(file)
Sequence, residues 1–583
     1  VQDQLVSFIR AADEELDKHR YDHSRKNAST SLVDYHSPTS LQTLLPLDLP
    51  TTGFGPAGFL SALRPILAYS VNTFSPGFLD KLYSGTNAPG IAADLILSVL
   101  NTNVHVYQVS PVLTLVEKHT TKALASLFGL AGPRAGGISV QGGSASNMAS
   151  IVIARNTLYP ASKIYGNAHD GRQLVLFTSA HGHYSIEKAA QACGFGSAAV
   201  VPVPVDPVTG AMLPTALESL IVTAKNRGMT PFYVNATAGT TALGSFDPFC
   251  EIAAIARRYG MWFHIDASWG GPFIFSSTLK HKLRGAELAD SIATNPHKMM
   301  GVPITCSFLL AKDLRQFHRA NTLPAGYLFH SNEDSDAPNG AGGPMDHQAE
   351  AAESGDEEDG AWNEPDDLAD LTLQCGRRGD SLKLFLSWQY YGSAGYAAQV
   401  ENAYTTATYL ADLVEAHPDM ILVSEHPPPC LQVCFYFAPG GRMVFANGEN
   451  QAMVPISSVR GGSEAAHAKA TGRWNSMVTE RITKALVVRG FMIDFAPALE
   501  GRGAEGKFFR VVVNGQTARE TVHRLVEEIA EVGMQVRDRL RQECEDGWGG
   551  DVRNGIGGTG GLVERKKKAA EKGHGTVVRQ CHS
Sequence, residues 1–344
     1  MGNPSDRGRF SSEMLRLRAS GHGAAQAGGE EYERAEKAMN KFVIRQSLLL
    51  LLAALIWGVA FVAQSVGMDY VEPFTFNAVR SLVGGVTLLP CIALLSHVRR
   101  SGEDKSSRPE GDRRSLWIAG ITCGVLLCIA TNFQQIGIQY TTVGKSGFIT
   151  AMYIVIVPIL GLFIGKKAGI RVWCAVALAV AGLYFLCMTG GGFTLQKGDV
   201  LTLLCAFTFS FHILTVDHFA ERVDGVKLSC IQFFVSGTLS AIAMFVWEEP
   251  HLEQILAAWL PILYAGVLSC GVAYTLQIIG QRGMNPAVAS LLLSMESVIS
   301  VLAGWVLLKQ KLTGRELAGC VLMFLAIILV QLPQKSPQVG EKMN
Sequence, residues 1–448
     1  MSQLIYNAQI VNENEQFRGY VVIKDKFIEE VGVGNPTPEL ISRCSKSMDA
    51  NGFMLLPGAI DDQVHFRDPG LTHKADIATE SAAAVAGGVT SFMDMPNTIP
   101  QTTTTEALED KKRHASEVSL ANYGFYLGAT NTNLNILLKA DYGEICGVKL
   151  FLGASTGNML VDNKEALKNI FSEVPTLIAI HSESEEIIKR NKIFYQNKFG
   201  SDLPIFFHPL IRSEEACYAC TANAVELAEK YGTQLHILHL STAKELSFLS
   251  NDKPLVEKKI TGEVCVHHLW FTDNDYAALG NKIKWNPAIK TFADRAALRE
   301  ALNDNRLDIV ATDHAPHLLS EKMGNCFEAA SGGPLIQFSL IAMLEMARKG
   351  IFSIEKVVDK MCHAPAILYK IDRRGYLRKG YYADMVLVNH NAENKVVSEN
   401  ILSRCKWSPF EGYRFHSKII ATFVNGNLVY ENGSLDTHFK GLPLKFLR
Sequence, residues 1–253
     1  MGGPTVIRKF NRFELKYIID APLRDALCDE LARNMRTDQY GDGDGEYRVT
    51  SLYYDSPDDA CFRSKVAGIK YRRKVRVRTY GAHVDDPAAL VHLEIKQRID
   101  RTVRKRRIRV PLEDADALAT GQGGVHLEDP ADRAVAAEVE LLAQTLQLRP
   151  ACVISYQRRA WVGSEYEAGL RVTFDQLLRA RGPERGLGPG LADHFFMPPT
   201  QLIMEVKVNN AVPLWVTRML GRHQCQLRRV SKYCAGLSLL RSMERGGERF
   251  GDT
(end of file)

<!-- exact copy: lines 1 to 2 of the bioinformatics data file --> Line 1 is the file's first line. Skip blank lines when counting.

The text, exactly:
Sequence, residues 1–583
     1  VQDQLVSFIR AADEELDKHR YDHSRKNAST SLVDYHSPTS LQTLLPLDLP